Responsible hosting in the United Kingdom
We’ve put together this article to help hosts on Airbnb become familiar with hosting responsibilities, and to provide a general overview of different laws, regulations, and best practices that may affect hosts. You’re required to follow our guidelines, like our Hosting Standards, and to make sure that you follow the laws and other rules that apply to your specific circumstances and locale.
We recommend that you do your own research as this article isn’t comprehensive, and doesn’t constitute legal or tax advice. Also, as we don’t update this article in real time, please check each source and make sure that the information provided hasn’t recently changed.
Table of contents
Cleanliness and hygiene
The following resources contain government guidance on cleaning and safety guidelines for hosts. These resources include information on how to conduct risk assessments, clean and sanitise your space, remove waste safely, and maintain quality control.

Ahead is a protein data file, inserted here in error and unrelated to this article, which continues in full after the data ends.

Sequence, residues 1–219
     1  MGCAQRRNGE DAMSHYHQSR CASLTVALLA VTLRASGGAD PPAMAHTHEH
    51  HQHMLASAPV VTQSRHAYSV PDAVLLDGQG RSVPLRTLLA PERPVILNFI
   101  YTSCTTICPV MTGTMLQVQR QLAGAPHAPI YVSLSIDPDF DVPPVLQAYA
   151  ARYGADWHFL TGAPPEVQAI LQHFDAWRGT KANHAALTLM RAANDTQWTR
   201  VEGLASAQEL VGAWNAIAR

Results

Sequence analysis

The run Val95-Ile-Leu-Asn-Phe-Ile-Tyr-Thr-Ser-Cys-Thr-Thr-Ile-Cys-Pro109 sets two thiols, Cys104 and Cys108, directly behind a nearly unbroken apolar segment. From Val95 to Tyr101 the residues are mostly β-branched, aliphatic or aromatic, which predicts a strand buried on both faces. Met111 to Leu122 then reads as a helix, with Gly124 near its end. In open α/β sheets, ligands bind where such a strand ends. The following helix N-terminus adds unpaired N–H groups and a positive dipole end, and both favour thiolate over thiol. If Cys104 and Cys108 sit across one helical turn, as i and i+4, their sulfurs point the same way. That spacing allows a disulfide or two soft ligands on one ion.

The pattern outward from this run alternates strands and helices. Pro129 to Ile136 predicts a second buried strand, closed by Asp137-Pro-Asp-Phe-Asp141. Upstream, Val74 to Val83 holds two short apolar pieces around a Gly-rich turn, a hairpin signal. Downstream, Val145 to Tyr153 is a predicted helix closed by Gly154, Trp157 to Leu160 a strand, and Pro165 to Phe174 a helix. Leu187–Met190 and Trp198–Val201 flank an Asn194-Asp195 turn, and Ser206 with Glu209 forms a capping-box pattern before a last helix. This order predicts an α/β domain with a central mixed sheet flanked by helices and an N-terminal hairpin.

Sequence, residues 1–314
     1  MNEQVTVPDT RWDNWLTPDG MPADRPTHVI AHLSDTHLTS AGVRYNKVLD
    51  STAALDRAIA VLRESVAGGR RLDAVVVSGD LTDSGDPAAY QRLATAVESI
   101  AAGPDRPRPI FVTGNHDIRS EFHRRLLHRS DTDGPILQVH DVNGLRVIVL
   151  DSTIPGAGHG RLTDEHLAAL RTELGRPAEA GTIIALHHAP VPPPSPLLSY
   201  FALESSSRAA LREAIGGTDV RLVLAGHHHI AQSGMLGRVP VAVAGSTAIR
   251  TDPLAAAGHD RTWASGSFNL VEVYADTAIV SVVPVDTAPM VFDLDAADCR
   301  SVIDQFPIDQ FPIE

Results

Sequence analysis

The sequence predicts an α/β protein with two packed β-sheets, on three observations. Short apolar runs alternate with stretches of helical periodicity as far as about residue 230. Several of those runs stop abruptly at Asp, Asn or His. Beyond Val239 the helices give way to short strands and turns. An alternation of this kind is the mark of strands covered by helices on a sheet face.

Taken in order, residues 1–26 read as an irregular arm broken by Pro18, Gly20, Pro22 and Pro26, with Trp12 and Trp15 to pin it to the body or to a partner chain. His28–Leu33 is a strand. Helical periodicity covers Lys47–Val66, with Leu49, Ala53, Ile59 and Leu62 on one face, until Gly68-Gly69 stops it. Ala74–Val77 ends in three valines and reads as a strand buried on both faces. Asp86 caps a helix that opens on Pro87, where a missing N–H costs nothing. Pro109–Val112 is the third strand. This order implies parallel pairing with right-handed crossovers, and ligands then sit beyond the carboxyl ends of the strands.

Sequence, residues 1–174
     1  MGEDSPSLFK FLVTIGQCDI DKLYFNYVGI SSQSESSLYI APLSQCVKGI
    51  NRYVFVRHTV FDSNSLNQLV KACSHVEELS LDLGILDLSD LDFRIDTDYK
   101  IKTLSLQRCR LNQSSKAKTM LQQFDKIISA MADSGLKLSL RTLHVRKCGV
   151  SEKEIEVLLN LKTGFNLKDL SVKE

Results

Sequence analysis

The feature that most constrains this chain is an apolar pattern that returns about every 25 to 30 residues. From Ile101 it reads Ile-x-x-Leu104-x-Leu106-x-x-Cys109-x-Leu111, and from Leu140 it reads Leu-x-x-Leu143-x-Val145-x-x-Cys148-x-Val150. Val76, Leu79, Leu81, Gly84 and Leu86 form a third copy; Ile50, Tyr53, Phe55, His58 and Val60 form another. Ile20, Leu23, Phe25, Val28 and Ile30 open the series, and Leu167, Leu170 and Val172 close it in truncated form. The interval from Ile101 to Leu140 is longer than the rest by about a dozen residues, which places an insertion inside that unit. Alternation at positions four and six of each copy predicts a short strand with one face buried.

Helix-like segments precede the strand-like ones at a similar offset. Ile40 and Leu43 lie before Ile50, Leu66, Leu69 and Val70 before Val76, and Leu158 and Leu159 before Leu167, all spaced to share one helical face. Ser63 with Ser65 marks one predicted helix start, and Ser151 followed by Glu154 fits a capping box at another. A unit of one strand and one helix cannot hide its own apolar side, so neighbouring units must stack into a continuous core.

It's important for you to familiarise yourself with local government guidelines and industry standards on cleanliness and hygiene in the UK. Information may vary depending on where in the UK your property is located (England, Scotland, Wales, Northern Ireland).
Tourism organisations across the UK have partnered on a new cleaning standard to help you understand new guidelines on cleaning and safety. You can sign up to VisitBritain’s national cleaning standard ‘We’re Good To Go’ on the dedicated website.
You can also find guidance for the self-catering and short-term letting sector on the UK Short Term Accommodation Association. If you operate another form of accommodation, please refer to guidance created by UK Hospitality.
General resources for hosts and guests on coronavirus updates, government initiatives, and refunds can be found in Airbnb’s Resource Centre.
The following resources contain further Government guidelines on the reopening of tourism accommodation across the UK.
Governments have released information on reopening dates for UK tourism (England, Scotland, Wales, Northern Ireland). In line with this guidance, the temporary restrictions in place during the emergency period will be lifted.
The Government’s emergency response measures are subject to change, and are dependent on the latest public health information. The Government has announced plans to help councils manage local outbreaks of COVID-19. You can find out more about live restrictions in England on the UK Government website (Scotland, Wales, Northern Ireland.)